Bernard P. Veldkamp, Mariagiulia Matteucci, Theo J. H. M. Eggen

On-Line vs. Face-to-Face Development of Interactive English Oral Competence: An Empirical Contrastive Study

This article presents a comparative empirical study of the effectiveness of a traditional face-to-face classroom vs. on-line technology for developing interactive oral English competence. The motivation for this study comes from the Clark – Kozma debate regarding the role and effectiveness of digital media in language learning. This question is updated to reflect the nature of modern technology and the way in which languages are currently taught. The learning scenario used for this experiment is presented, the results of which show that while the on-line group did not improve their oral competence as much as the face-to-face group, this was arguably due to behavioural patterns and the related practical difficulties experienced on-line. The authors conclude that, following Kozma’s line of reasoning, ICT-based distance learning of second languages can be as effective as face-to-face learning only when measurements are taken to change the behavioural habits of students and to help them acquire the group discipline that these on-line environments demand.
Timothy Read, Elena Bárcena, Noa Talaván, María Jordano

Speech Technology in CALL: The Essential Role of Adaptation

In this paper we present general guidelines for designing Computer Assisted Language Learning (CALL) applications that make use of Automatic Speech Recognition (ASR) technology. Designing such systems requires a gradual process of adaptation aimed at reaching the optimal compromise between the pedagogical and personal goals of users and the technological possibilities. We also discuss a specific case study in which we applied these guidelines and show the importance of adaptation for satisfactory system performance.
Joost van Doremalen, Helmer Strik, Catia Cucchiarini

From Multidimensional Needs to Language Training for Mobile Professionals: An Interdisciplinary Approach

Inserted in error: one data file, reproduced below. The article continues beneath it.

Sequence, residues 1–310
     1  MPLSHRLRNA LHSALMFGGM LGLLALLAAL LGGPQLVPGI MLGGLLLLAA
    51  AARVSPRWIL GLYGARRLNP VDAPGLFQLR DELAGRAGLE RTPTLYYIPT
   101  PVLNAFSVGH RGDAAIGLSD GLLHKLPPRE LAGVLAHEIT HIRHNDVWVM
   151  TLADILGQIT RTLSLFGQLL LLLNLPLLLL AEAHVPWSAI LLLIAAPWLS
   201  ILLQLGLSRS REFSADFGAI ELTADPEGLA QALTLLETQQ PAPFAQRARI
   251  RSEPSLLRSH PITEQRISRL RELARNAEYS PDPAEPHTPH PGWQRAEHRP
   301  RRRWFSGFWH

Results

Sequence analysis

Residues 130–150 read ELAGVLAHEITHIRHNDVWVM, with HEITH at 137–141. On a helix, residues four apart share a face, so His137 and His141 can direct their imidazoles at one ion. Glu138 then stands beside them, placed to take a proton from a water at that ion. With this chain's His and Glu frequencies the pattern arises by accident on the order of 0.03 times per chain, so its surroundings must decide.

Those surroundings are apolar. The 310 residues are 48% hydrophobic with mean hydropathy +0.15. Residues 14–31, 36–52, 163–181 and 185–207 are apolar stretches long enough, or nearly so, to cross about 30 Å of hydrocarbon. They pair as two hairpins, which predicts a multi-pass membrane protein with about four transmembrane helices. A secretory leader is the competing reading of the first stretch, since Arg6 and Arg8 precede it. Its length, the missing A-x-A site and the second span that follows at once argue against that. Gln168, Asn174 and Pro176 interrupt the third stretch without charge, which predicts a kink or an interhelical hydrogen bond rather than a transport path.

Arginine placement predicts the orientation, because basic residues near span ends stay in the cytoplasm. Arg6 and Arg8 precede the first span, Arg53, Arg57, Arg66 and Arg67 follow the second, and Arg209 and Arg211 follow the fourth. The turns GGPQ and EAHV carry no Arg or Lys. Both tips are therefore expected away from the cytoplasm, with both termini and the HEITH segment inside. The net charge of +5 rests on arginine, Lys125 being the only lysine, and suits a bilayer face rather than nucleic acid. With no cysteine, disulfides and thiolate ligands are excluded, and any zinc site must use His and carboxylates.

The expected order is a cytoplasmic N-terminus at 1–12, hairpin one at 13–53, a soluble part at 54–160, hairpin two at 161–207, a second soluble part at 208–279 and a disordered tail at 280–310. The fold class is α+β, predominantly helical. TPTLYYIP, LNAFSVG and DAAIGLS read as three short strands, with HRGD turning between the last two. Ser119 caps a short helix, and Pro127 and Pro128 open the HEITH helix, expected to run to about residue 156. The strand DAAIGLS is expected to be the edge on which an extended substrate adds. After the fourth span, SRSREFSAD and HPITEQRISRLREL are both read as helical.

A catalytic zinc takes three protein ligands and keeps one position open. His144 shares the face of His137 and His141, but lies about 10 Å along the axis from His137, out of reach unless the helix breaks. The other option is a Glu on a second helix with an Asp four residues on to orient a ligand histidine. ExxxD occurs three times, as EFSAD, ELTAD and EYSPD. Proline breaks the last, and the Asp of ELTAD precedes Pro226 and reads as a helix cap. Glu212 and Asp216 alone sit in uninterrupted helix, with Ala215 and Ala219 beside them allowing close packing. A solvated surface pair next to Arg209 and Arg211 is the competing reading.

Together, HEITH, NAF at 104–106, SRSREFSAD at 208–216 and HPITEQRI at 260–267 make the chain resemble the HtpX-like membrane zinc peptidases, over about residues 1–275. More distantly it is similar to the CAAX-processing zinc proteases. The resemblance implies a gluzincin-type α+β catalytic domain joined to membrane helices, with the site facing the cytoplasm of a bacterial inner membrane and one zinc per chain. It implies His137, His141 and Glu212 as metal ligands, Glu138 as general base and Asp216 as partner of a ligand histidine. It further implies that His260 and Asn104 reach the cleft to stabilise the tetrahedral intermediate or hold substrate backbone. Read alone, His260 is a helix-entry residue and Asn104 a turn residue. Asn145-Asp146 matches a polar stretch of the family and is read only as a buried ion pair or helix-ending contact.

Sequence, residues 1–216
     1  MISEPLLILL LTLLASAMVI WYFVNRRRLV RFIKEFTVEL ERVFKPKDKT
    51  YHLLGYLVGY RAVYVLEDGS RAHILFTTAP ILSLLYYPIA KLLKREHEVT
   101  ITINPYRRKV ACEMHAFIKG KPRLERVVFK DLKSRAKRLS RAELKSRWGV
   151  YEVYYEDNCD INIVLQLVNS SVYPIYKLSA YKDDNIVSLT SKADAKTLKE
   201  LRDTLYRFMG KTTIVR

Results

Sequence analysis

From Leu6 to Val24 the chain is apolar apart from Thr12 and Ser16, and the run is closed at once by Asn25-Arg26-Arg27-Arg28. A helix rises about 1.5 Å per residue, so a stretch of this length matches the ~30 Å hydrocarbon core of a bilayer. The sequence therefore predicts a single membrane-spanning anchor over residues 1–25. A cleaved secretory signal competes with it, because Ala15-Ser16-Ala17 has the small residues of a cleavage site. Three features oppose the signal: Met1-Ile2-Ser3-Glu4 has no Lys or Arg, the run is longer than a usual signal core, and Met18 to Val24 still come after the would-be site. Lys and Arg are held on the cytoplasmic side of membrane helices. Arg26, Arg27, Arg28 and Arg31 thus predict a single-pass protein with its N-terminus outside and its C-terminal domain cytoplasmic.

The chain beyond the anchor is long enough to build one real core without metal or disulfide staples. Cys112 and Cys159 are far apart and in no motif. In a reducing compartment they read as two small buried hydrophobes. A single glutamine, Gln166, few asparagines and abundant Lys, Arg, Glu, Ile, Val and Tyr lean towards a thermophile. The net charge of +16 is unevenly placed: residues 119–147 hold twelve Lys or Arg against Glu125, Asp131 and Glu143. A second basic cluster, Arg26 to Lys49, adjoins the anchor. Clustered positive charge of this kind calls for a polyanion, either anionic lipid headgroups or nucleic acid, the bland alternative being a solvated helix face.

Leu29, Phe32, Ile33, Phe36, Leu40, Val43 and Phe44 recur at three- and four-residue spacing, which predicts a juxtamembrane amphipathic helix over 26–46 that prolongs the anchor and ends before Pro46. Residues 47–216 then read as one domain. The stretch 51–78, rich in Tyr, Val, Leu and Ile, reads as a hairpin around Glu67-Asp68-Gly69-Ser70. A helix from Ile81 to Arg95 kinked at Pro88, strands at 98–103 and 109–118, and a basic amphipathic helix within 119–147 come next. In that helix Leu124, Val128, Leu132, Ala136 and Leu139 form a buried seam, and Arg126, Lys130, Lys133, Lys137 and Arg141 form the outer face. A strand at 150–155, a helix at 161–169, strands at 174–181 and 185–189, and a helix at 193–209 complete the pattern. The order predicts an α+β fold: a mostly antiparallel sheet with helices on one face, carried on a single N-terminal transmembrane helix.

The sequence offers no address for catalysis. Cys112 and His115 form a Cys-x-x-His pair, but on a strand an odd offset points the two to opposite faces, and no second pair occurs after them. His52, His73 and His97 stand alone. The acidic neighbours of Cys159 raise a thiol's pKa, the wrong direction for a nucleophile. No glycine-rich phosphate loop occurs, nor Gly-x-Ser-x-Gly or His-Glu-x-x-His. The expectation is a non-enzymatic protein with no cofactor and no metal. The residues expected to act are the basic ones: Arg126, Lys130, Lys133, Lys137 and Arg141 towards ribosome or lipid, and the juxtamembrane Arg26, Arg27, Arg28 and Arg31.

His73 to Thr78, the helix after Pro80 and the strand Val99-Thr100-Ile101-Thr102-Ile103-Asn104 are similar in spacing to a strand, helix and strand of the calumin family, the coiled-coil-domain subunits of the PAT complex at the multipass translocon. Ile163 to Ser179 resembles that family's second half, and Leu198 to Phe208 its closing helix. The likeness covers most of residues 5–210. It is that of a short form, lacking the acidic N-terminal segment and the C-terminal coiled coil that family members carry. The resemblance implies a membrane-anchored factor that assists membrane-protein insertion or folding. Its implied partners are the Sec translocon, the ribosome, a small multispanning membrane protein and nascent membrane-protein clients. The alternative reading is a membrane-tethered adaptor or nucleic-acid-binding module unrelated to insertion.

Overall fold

In Europe mobility among qualified medical staff is on the increase. The first language and culture of these medical professionals are often different from the country in which they work. Even though the majority of foreign medical professionals is willing to learn a foreign language to its full potential, the reality of medical practice shows that this is not always feasible. Thus, the need for an effective approach to learning and training presents itself. This article reports on the different steps which an international interdisciplinary team took to develop a language training tool that can support medical professionals on the work floor ( Moreover, it will show how the quality of the tool was and is assured to meet the expectations of stakeholders and beneficiaries, by adopting the stance that needs analysis is never ending and that evaluation of process and product are an integrated component. As such, this paper covers the domains of applied linguistics and educational technology.
Kris Van de Poel, Ine De Rycke

Science 2.0: The Open Orchestration of Knowledge Creation

Science 2.0 focuses on supporting new practices with new tools. In this keynote, an overview on recently emerging open research support environments is given and substantialized with a set of examples of new practices of creating awareness, facilitating networked collaboration, and supporting reflection.
Fridolin Wild

miLexicon: Harnessing Resources for Personal and Collaborative Language Inquiry